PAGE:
Vegetated filter strips should be wider than buffer strips, and at least 30 metres wide, because the runoff water is concentrated to flow into a single area and has higher contaminant concentrations. The slope of the land where a vegetated filter strip is created should be:

  • less than 10% or risk of erosion will increase
  • more than 1% or risk of ponding will increase.
Regardless of the width of the filter strip, the effluent should never be released directly to a water body if water quality is unsuitable for such discharge.

Soil texture
Soil texture also influences the design and effectiveness of buffer zones. Coarse-textured soils allow more infiltration of runoff water compared to fine-textured soils. If soils are fine-textured or compacted, infiltration rates are reduced and the retention time of the runoff in the buffer is shortened. This decreases the contact time of runoff water with soils, vegetation and micro-organisms, reducing the effectiveness of the filter. Thus the width or length of the buffer should be increased to compensate for compacted or fine-textured soils.

The depth to groundwater should also be determined, particularly where coarse-textured soils are dominant. Vegetated filter strips should be constructed at least 1 metre above the seasonal high groundwater table.




Vegetation
The type of vegetation established in the buffer depends on the land manager’s objectives. Buffer or filter strips may be seeded with a mixture of forages that could be harvested as feed for livestock. A mixture of grasses, shrubs, and trees may be used to border a waterway if improved aesthetics, wind protection, or wildlife habitat are desired. Table 1 provides a summary of some native and tame forage species suitable for use in a buffer strip or vegetated filter strip.

Generally, the vegetation chosen for use in the buffer zone should form an even, dense mat and should be able to tolerate periodic flooding. A minimum of 15 cm of stubble should be maintained following harvest or mowing, to allow some degree of filtering while the vegetation is re-established. Vegetation should be sown across the slope of the buffer between March 1 and May 1, or between August 1 and September 1.

Season
Seasonal variations influence the buffer zone’s ability to effectively filter runoff water. Buffers are not effective in winter and early spring. Temperatures below 5° C reduce microbial activity and frozen soils prevent infiltration of runoff water and decrease retention time in the buffer.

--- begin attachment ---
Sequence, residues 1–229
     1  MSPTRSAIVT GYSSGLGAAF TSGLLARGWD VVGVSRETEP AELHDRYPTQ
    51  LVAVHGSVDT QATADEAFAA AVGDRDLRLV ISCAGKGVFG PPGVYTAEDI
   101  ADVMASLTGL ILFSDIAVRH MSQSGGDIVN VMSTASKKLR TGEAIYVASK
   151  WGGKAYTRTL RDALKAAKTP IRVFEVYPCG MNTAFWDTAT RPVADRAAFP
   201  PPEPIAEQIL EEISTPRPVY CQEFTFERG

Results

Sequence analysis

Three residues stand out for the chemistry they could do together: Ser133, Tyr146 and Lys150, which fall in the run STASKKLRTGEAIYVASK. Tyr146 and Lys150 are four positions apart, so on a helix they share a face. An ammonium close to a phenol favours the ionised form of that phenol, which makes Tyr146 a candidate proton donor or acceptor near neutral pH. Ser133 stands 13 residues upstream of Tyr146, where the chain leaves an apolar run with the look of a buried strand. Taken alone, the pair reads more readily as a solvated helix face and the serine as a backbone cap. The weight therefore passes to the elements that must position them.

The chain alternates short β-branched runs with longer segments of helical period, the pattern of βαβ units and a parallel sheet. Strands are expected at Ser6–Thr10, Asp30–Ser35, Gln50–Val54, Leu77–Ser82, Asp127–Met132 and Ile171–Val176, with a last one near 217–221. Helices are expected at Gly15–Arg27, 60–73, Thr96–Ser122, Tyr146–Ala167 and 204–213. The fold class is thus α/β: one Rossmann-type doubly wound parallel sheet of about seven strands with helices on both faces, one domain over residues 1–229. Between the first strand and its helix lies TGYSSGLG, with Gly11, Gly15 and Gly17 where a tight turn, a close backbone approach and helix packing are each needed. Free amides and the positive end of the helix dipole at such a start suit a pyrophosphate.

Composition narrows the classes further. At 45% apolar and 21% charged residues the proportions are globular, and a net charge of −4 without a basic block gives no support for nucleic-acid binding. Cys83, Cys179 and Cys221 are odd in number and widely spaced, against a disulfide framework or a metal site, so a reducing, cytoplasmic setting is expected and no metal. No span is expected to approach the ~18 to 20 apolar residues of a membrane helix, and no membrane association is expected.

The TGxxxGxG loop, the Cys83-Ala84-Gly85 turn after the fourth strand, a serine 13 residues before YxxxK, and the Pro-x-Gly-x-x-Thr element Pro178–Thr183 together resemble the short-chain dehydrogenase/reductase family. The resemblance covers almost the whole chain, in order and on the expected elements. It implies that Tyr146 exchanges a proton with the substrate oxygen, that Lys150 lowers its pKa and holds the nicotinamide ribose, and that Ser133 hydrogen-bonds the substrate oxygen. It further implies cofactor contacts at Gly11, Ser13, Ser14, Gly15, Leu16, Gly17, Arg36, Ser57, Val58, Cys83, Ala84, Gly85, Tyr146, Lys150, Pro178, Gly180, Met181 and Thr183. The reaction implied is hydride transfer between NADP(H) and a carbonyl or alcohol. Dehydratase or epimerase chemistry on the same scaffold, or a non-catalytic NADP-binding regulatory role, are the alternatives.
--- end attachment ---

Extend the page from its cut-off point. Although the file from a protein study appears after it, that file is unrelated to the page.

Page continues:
Where a vegetated filter strip is created, a catchment basin is particularly important to prevent contaminants reaching water bodies and streams in the winter months.



Maintenance of Buffer Zones

Buffer zones require some degree of maintenance to ensure their effectiveness and durability. A vegetative filter strip generally requires more attention than a buffer strip due to the nature of the runoff water received. Buffers should be inspected regularly, especially after intense rains or runoff events that may deposit large amounts of sediment or debris on the filter. The development of erosion channels should be minimized and repaired immediately. Bare spots in the filter should be re-seeded. Vegetation can be mowed to 15 cm in height and removed from the site two to three times a year. Mowed forage may be used as feed for livestock. Noxious weeds should be monitored and controlled.

Beneficial Management Practices (BMPs)

Buffer zones should be used in combination with other BMPs to protect water quality. BMPs that have long-term benefits and can be easily implemented include:

  • using appropriate manure application rates that meet crop requirements and incorporating manure within 48 hours;
  • applying manure at least 30 m (100 ft) from any surface water;
  • using shelterbelts to control wind erosion; providing off-stream watering for cattle;
  • limiting cattle access to surface water; and
  • diverting clean water run-on around all livestock operations to limit the amount of water contacting the manure.
This fact sheet is one of a series of information bulletins on agriculture and resource management produced by the Irrigation Branch, Alberta Agriculture and Food.

If you would like to discuss how you can improve water quality through the use of buffer zones on your operation, contact Sandi Riemersma 403-381-5893, or use the Alberta Government Riteline, toll-free at 310-0000.
 
 
 
 
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For more information about the content of this document, contact Evan Hillman.
This document is maintained by Bonnie Hofer.
This information published to the web on April 2, 2003.
Last Reviewed/Revised on July 20, 2017.